That’s Cricket: 'The love of cricket'
A child sits on the grass next to a miniature cricket kit with stumps, bat and ball, as the narrator explains that a love of cricket is inherent to 'every Australian’. Children play the game in Sydney’s backstreets, followed by footage of the Australian cricket team in action. The narrator describes a 'reversal’ on the cricket field as almost as serious as a 'national calamity’, and how easily a team’s fortunes can change in each match. Seven of the players from the successful 1930 Australian team walk onto a small oval. The captain, Bill Woodfull, addresses the camera to promote the game through the medium of talking pictures which, he says, can 'so lucidly demonstrate and explain most things’.
Summary by Poppy de Souza
In Depression-era Australia in the 1930s, backyard cricket was played by many kids in the lanes of city slums, as seen in this clip. Most footage of inner city housing in the 1930s and 1940s focuses on the poverty, the inadequate living conditions and overcrowded areas endured by those hard hit by the Depression. The children filmed here were likely to have been inner city kids – possibly rewarded for their brief appearance on film with a meal or a couple of bob. Rather than focusing on hardship, the boys here are happy to be playing a game of cricket. Furthermore, the narration offers them hope by saying that the back lanes are just one step away from the playing field.
The love of cricket synopsis
This featurette was directed by Ken G Hall for Australasian Films and made with the cooperation of seven members of the successful Australian XI cricket team, including Sir Donald Bradman, who toured England in 1930. It promotes cricket and its importance to the British Empire and Australian identity. The film includes footage from a 1905 British Pathe Gazette newsreel and a 1921 cricket tour, and highlights the sporting skill of some of the 1930s test players. Don Bradman and team captain Bill Woodfull address the audience throughout the film.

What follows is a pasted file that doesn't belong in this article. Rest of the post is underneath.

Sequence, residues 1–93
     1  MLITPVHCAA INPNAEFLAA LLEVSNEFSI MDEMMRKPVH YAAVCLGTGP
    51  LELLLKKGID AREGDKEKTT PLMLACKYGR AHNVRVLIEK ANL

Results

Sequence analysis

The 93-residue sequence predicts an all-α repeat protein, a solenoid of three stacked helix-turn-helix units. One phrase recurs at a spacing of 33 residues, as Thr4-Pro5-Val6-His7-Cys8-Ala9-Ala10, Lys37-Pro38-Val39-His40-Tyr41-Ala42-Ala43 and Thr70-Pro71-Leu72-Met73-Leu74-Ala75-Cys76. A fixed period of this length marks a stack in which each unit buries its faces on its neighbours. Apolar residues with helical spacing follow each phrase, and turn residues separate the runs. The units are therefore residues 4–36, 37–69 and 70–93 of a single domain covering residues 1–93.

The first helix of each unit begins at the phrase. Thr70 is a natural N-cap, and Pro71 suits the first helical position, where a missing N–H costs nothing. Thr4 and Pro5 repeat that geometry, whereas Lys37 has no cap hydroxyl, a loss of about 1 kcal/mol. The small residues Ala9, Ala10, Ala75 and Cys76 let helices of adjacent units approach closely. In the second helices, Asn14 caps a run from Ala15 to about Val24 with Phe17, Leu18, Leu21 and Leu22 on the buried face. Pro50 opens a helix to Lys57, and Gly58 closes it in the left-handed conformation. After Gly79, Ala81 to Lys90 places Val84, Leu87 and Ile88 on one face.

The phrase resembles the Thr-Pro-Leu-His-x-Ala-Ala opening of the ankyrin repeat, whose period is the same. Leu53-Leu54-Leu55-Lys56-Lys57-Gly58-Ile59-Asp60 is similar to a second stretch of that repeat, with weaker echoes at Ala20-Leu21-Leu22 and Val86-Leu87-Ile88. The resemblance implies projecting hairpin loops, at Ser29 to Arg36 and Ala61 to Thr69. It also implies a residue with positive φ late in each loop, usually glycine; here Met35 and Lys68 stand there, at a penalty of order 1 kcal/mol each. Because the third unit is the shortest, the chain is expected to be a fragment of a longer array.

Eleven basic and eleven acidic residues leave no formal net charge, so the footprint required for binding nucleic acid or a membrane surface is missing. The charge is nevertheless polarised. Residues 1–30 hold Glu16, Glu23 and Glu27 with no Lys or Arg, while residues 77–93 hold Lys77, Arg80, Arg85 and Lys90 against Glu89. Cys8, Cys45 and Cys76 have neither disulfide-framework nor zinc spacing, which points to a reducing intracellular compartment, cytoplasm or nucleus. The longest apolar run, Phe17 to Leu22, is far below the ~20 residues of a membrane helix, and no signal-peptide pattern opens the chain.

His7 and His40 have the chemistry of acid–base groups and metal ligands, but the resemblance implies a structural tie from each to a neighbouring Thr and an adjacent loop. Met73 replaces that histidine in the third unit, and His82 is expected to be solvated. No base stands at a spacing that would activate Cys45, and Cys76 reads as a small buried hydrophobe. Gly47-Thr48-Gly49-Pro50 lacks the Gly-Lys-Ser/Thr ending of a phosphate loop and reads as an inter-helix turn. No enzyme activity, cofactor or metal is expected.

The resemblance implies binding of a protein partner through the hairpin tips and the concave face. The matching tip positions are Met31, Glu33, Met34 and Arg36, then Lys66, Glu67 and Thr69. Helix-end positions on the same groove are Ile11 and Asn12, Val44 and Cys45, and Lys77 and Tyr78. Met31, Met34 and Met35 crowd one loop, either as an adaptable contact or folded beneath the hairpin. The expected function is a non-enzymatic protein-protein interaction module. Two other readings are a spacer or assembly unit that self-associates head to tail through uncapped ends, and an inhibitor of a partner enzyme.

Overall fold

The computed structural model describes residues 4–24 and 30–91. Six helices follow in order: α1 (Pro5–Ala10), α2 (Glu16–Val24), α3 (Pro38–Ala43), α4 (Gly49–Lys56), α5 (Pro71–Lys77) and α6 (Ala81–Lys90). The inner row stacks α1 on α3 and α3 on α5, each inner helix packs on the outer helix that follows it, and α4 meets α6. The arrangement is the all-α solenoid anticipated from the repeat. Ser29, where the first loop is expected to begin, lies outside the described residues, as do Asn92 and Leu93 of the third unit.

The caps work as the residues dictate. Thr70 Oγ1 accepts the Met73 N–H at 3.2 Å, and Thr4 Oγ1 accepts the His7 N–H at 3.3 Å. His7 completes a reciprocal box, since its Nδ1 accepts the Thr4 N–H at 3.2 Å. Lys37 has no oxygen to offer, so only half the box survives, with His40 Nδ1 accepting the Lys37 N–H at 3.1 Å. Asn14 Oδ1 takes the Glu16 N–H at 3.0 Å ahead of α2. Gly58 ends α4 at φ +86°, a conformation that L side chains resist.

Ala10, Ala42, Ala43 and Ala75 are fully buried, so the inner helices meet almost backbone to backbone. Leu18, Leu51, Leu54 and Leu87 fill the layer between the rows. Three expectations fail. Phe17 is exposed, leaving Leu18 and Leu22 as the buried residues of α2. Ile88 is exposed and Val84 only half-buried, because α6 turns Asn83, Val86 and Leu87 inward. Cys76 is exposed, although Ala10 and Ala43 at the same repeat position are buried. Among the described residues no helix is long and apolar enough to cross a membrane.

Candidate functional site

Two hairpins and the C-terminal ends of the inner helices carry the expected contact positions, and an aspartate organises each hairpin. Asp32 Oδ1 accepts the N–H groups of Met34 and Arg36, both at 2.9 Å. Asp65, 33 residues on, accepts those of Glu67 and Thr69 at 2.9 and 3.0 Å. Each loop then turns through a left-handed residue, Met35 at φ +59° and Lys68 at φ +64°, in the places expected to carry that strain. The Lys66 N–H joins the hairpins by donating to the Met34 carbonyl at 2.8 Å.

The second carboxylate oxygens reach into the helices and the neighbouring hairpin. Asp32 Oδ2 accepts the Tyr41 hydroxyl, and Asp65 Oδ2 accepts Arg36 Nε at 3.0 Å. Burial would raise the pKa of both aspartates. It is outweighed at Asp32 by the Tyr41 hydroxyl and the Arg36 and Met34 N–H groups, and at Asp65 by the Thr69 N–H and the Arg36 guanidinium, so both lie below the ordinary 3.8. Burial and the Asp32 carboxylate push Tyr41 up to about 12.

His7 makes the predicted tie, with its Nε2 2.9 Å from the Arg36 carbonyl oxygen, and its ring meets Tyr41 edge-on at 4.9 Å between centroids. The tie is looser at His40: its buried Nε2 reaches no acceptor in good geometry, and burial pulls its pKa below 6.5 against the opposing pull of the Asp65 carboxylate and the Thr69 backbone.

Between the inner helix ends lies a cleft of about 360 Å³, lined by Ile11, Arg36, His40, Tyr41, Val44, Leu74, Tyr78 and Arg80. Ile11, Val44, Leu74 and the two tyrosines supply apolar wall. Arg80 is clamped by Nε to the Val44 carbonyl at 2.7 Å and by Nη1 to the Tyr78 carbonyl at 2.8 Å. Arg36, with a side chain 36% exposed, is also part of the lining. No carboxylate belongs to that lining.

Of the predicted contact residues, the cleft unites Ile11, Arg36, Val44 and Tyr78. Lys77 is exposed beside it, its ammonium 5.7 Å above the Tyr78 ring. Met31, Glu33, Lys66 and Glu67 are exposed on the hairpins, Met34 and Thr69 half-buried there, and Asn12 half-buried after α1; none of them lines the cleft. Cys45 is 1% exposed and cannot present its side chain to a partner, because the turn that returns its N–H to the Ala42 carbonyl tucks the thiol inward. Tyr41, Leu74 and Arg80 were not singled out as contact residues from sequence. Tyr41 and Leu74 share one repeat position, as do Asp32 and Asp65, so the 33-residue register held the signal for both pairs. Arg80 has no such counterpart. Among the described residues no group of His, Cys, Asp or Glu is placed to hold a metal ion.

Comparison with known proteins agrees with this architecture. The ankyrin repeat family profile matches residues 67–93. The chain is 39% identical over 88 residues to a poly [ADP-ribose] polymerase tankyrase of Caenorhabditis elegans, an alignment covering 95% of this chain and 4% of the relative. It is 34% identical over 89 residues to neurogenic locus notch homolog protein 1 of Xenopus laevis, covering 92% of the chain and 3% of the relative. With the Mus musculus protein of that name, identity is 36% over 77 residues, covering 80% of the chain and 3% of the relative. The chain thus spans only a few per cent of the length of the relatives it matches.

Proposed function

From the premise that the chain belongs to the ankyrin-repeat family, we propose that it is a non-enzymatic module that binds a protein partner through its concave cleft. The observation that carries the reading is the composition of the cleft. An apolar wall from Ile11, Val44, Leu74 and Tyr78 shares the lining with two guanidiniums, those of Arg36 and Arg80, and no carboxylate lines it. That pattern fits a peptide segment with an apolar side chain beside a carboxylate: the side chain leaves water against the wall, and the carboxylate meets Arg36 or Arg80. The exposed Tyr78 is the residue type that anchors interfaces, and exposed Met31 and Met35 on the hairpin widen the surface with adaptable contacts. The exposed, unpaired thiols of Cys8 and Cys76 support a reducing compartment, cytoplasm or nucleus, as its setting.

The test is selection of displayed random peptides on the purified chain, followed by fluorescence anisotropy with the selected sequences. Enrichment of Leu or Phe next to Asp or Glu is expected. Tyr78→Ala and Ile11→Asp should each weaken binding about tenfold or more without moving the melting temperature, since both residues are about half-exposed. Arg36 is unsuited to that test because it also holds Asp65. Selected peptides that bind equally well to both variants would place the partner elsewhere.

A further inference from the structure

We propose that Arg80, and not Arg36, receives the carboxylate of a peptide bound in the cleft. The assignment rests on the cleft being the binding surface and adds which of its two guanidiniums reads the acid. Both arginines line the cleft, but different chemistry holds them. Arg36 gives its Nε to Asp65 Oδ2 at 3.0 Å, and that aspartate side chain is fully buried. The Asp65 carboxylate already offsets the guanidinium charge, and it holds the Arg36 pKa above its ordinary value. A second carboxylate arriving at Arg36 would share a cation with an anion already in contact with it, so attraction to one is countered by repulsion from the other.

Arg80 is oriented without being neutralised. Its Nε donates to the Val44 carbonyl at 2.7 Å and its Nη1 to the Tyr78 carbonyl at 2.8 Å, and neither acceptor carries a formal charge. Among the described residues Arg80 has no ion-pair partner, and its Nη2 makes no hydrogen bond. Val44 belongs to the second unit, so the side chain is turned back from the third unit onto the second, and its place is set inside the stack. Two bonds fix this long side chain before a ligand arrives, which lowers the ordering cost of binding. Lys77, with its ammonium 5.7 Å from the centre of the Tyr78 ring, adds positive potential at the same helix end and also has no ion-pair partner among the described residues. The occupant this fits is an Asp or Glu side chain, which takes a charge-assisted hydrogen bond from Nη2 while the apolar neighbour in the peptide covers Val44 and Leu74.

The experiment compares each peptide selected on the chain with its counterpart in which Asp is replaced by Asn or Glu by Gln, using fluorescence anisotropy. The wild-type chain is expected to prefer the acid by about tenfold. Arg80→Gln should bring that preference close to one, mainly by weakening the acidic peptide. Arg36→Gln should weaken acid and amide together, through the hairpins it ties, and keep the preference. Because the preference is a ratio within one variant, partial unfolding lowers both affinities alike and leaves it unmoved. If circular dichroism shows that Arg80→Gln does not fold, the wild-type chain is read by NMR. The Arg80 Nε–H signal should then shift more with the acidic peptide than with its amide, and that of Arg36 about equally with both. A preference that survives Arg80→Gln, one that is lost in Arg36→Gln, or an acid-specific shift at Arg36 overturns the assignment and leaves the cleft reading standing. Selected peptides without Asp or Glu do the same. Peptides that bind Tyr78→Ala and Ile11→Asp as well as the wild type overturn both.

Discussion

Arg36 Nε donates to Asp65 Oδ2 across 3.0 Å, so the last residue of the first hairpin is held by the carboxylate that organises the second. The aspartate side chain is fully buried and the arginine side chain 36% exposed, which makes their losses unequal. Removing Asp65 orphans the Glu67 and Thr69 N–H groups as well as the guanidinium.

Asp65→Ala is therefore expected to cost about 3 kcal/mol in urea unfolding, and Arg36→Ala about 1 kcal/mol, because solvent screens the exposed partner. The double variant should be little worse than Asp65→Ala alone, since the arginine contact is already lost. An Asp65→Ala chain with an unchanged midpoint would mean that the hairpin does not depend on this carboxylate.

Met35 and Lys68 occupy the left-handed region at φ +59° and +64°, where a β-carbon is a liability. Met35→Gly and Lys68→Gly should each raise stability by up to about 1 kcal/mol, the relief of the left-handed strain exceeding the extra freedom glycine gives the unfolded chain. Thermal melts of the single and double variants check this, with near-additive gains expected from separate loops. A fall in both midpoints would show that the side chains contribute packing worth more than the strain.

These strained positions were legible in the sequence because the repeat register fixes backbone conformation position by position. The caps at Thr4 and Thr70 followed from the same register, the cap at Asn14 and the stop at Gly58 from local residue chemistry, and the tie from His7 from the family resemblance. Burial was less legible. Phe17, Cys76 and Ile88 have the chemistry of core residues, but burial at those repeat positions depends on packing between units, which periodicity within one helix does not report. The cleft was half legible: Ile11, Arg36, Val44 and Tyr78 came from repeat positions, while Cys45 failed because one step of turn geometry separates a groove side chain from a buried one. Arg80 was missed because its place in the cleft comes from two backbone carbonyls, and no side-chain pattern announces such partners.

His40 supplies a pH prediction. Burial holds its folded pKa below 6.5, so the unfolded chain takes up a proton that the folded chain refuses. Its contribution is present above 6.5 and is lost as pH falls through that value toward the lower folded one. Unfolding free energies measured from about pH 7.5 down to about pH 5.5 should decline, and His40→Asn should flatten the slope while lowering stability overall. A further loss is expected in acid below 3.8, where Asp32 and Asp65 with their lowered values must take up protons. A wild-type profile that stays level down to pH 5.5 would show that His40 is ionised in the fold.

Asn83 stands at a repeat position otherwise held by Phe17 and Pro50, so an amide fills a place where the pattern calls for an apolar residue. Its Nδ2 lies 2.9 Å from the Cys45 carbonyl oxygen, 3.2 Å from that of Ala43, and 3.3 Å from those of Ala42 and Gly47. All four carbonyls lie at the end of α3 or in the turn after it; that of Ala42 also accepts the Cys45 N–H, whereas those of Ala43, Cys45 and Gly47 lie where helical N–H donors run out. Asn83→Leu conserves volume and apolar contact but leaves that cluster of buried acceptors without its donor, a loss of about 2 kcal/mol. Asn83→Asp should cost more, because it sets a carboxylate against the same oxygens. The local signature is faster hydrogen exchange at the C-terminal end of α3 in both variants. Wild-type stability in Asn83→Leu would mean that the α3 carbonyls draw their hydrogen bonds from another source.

The Love of Cricket Curator's notes
Under the guidance of Australasian Films’s managing director, Stuart Doyle, Ken G Hall directed this featurette for Union Theatres about the game that, according to the closing narration, 'helps unite the Empire’. Cricket’s popularity was buoyed by the recent success of Don Bradman, one of the all-time greats of the game, and the young Hall wanted to record as many of the current cricketing champions on sound film as possible. Hall had been on staff since he was 17 – starting out in the publicity department – but this was his first major work as director for the company. He scripted the film’s narration as well as Bradman’s and Woodfull’s pieces to camera. Riding on the popularity of cricket with the populace, as well as the relatively new medium of sound film, That’s Cricket was a success with audiences at Sydney’s Prince Edward Theatre and around Australia.
The film makes explicit the importance of the game within the British Empire (of which Australia was a part). Britain – and by extension Australia, another 'civilised’ nation which played the 'gentlemen’s game’ – was spreading cricket to countries like Ceylon and India. At the height of the British presence in India (today, one of the world’s great cricketing nations), cricket is linked with colonialism. As a game common to all nations throughout the British Empire, cricket helps 'unite the Empire’ and plays an important part in 'civilising’ the peoples of the subcontinent.
Many of the players in this film can be seen in a more relaxed and informal mode in home movie footage taken by team manager WL Kelly during the 1930 tour to England (see Henshall, Mr: Australian Cricketers Visit Ceylon, Naples, Switzerland and Practise at Lords).
Notes by Poppy de Souza